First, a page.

"Where do we live? Are we safe? What are the next ten years going to be like?"
The black-clad figure ambling through the halls of the National Gallery wouldn’t draw many furtive glances. The closest she comes to provoking any side-eye is when a slightly nonplussed attendant overhears her comparing the dramatic, doomy skies of a 19th-century painting to a scene from Ghostbusters 2 (for the record, Elizabeth Bernholz, better known as Gazelle Twin, is absolutely on the money: it really, really does).
You wouldn’t suspect that, only a couple of days previously, she’d been skulking around Walthamstow Village while dressed as ‘the jester’: a half-menacing, half-mischievous… thing. Even for someone with Bernholz’s knack for stomach-knotting theatricality, it’s an unnerving sight. It has red Adidas trainers on its feet and football socks pulled all the way up to its knees; it wears a red tracksuit with white piping, and red tassels draping from its elbows. There’s a pair of tights, red again, stretched over its face, a white star-shaped collar around its neck, and its disturbing near-blank head is sandwiched between a white hat and chin-strap. The only visible flesh is its mouth, which is permanently fixed in aleering, tooth-flashing smile. It looks like a creature from Pan’s Labyrinth that’s gone on a trolley dash in Sports Direct. As she prowled past the well-kept lawns while posing for Loud And Quiet’s photographer, Jenna, passers-by tended to either look at her askance or avoid eye contact altogether. Some youngsters, though, were more curious. “I was trying very hard to stay away from children, but we did bump into a few kids. A lot of them thought I was Spider-Man,” she laughs.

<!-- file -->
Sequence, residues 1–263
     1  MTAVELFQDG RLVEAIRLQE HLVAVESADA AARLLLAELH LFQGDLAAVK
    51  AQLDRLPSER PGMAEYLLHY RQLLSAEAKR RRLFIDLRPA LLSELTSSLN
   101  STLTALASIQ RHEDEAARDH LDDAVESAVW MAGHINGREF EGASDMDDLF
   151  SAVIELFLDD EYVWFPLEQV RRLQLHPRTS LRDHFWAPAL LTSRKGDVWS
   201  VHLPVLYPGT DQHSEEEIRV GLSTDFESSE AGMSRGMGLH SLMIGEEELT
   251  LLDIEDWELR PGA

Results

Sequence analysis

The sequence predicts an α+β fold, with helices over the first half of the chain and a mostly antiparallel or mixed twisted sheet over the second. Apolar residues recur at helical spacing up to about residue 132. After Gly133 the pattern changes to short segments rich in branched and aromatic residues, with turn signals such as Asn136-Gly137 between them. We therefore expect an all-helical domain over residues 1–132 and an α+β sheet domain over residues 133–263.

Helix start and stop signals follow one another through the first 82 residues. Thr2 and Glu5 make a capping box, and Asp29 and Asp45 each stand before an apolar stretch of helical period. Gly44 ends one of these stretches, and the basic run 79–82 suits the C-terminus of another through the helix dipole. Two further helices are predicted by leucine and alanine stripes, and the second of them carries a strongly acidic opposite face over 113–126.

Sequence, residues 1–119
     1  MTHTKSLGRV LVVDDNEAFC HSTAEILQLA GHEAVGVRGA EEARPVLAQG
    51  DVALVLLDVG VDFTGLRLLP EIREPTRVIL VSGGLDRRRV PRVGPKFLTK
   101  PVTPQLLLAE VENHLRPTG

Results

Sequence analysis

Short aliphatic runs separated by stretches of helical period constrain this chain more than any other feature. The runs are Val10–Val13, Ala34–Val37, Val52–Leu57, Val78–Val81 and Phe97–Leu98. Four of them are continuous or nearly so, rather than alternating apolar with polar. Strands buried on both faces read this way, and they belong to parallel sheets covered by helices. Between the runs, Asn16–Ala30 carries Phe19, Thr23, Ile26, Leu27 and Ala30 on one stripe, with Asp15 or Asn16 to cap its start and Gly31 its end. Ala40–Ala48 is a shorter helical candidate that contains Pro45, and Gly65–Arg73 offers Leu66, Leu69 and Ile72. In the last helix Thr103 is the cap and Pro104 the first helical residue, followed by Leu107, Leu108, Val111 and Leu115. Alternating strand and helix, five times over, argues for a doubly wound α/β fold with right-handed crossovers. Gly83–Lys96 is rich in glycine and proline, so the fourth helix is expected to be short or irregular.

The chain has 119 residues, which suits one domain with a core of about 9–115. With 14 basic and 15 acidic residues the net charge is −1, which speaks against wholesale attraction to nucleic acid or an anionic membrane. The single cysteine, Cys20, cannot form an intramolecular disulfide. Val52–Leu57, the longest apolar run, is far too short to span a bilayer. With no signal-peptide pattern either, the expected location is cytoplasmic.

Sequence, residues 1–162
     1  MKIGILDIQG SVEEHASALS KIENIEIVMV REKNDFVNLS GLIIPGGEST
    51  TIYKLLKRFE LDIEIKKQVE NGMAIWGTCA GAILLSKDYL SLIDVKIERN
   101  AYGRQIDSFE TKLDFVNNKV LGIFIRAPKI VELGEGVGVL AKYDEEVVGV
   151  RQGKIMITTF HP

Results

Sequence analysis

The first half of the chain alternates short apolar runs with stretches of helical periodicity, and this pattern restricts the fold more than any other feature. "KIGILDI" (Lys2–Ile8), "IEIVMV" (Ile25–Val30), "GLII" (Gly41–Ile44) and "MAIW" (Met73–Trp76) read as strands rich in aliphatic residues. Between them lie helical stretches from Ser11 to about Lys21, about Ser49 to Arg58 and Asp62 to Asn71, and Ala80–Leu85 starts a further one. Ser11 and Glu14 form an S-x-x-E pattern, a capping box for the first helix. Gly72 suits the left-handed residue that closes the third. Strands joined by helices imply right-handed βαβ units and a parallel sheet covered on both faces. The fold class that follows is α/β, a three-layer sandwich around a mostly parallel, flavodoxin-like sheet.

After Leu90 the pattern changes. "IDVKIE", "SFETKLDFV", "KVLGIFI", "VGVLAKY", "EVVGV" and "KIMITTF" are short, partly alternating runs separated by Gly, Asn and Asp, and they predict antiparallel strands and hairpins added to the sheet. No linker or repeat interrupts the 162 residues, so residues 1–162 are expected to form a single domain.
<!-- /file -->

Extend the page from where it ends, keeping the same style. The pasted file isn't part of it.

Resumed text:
Every time Bernholz brings those tights down over her face, she says, she starts to feel physically different. “Pulling that red veil down is really scary. The first time I did it, I just felt like I needed to grin. It totally transforms me… I felt like I instantly needed to get up to mischief.”
Bernholz has fun making mischief on ‘Pastoral’, too. It’s her third official album as Gazelle Twin, following 2011’s debut ‘The Entire City’ and 2014’s ‘Unflesh’, and it might be her most startling record to date – which is pretty impressive, seeing as she only really makes startling records as a general rule. Her vision of the pastoral, unsurprisingly, is very different from its roots. Traditionally, pastoral artists would mythologise the countryside as a place of peace and purity, rhapsodising the delights of bucolic havens where good-natured shepherds and meek maidens could flourish away from the decadent rot of the city.
But Bernholz, who moved from Brighton to Leicestershire in 2014, found that the simple life actually wasn’t very simple at all – especially after her new neighbours voted in their droves to leave the EU in the 2016 referendum. And so, in the same way David Lynch delved beneath the well-manicured lawns of white-picket-fence America to show the slime and ooze underneath, on ‘Pastoral’ she exposes the bizarre bitterness lurking beneath Middle England’s chocolate-box facade.